I just read Robert Kagan’s Power and Weakness, on policyreview.org. I do not always aggree, but I have to say that though I was skeptical at first – to the point of not reading onwards – it is brilliant, a true springboard for further thought.


Here my infamous CNN article published, for those who asked for it

Requiem CNN:

pornography and propaganda

People exhibits strange habits while viewing pornography. I for one sometimes find a slipper in one hand. It was with slippers and shoes that the enraged citizens of Fallujah beat at the charred remains of american contractors before hanging them like grizly scarecrows from a nearby bridge. It is with a clutched slipper that I sometimes wish I could touch the members of the CNN family while watching. Like Wolf Blitzer, for instance, the incarnation of CNN reporting – as seen on the Last Word on Sunday Talk, or during the more orgasmic Breaking News interruptions. Both features represent a point on CNN’s ever – oscillating spectrum between perceived and lauded objectivity and outright “swallow it, you will” porno-propaganda. The former, the Last Word, is somewhere on the more benign end of the scale, with chubby, familiar U.S. senators dishing out their dissenting views on the narrow bandwith of what Noam Chomsky calls accepted opinion. Blitzer, wavering in the wind of world affairs, knows to ask the right questions at the right time. About whether the UN is really irrelevant, before the war. About where the WMDs are, afterwards. Investigative journalism. What the public wants. Then, Breaking News. A whole different ballpark. Offering little time for grooming, some porno might slip through. Like waiting for the bombing of Bagdad with Mr. Blitzer, at the beginning of the war. Behind his back, the live video stream of Bagdad is still silent. The capital does just not want to go to hell, yet. Blitzer promises MOAB, the mother of all bombs, weight measured in tons. But viewers might just be tuning in; in case you missed it, the Army promised awe-insipring, humiliating destruction on a never before-seen scale, Shock and Awe. But the streets of Bagdad are still silent. Blitzer is impatient. Then, the first Bombs light up the screen behind him. He stops talking, urging us to watch. Bombs go off like lava fountains sprouting from the earth. Blitzer is mostly silent, leaving us with the quiet dignity of the images. Finally, Bagdad is literally going to hell.

I for one would express it otherwise: we voyeurs are being taken to hell. For all viewers who believe they have become too cynical to care about the victims, for all those who have stopped shedding tears for those we are supposed to care about – like aforementioned lynched Americans working for Blackwater security – and those we aren’t, this is no longer just about pitying the tragedy of others. It’s about saving our own souls from a kind of hell.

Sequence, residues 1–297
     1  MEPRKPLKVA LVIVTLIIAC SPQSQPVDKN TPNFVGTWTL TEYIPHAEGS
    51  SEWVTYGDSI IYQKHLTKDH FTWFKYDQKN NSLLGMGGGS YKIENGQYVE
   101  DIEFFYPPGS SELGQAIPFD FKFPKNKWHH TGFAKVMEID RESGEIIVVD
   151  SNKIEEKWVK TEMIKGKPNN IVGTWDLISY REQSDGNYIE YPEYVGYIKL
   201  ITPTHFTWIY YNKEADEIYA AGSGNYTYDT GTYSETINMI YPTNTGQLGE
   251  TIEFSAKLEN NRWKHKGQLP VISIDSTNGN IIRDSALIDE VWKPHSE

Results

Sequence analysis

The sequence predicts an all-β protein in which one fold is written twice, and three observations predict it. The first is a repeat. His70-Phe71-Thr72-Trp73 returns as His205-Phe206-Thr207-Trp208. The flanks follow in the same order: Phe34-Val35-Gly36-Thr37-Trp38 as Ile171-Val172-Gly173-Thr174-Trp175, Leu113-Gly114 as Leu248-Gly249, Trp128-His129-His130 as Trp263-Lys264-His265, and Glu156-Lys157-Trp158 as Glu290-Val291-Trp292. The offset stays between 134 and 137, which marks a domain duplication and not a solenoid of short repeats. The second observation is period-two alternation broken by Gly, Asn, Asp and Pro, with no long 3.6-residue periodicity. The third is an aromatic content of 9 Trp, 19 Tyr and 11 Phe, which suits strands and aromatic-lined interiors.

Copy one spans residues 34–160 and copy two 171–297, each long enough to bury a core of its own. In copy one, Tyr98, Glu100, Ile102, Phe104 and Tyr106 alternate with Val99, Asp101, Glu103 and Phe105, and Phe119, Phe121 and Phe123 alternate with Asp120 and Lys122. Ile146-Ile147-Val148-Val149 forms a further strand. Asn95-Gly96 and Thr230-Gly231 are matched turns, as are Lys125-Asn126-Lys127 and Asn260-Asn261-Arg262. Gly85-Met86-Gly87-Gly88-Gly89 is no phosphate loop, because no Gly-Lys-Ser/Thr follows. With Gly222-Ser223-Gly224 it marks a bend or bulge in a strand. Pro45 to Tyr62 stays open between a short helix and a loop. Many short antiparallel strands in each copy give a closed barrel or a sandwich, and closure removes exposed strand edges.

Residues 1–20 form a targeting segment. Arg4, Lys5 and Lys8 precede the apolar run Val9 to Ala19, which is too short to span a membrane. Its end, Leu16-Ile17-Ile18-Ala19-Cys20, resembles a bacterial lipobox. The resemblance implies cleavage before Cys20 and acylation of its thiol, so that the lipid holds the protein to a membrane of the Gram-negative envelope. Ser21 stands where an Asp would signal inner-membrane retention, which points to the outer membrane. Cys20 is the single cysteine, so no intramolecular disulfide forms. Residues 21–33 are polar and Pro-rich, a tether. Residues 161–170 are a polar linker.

Because as a network that promises to “take you there”, CNN is essentially a portal, connecting your home with world events and talking heads. Like reporters speaking Live from the White House, middle-aged women with a touch of sado-maso allure who elaborate on what Mr. Bremer just said. Take his announcement that the enemies of freedom who perpetrate actions against the coalition wish a return to the Rape Rooms. Here, a sceptical soul loses all traction. What should I care more about: the (no doubt often terrible) realities behind Bremer’s alliterating catchphrase, or the fact that the Rape Rooms are being so deliciously instrumentalized to entertain and educate us all at once. The Rape Rooms. Call it CNN’s sexually stirring soul-seduction.

When CNN is being subtle, in the benign moments of the oscillatory cycle, the candyman may come. In special reports, pleasant, chubby journalists like Tom Friedman get much air-time to bless us with CNN-objectivity on the most controversial topics, like the wall being built in Israel. Friedman, who is freed from all biases (explicitly: being a Jew reporting on the Arab-Israeli conflict) by being Pulitzer-Prize Winning, winds his way through the arab-israeli streets (“they told us to meet at the car dealership, which is either a Datsun or Toyota, I’m gonna go with Datsun”) pants and puffs his way up apartments to interview both sides of the conflict. CNN could actually have spared itself the trouble of hiring an outside journalist, because we get proven CNN blend: Israeli legal experts, angry arab men, pretty palestinian representatives (chosen by the PLO more to please western eyes than ears). Much is discussed, and it is aggreed that the wall separates. As walls tend to do. But silly us, CNN is not primarily a discursive forum! Where is the pornography? The long-awaited catharsys comes in the form of a suicide-bombing, to bring it to the point, to really drive it home. Emotional, Friedman jogs toward ground zero of the explosion. Sirens wail. Debris litters the street. The viewer squints to find human remains in the rapidly-scrolling rubble. The point to be made must come soon now. Friedman pants into the camera, out of breath, because mid-stride. He looks us head-on. He is an angry god. Finally: “You know… if you want to know where the wall starts… it starts.. here”. Amid the wailing sirens and misery, truth has been delivered. The crying Israeli soldieress thrown in afterwards is just icing on the cake. She talks about how her comerade always kept his shoes clean, that they were clean even while he was dying. Ironic, really. What a contrast to the angry mobs of Fallujah, who don’t seem to mind getting their slippers dirty.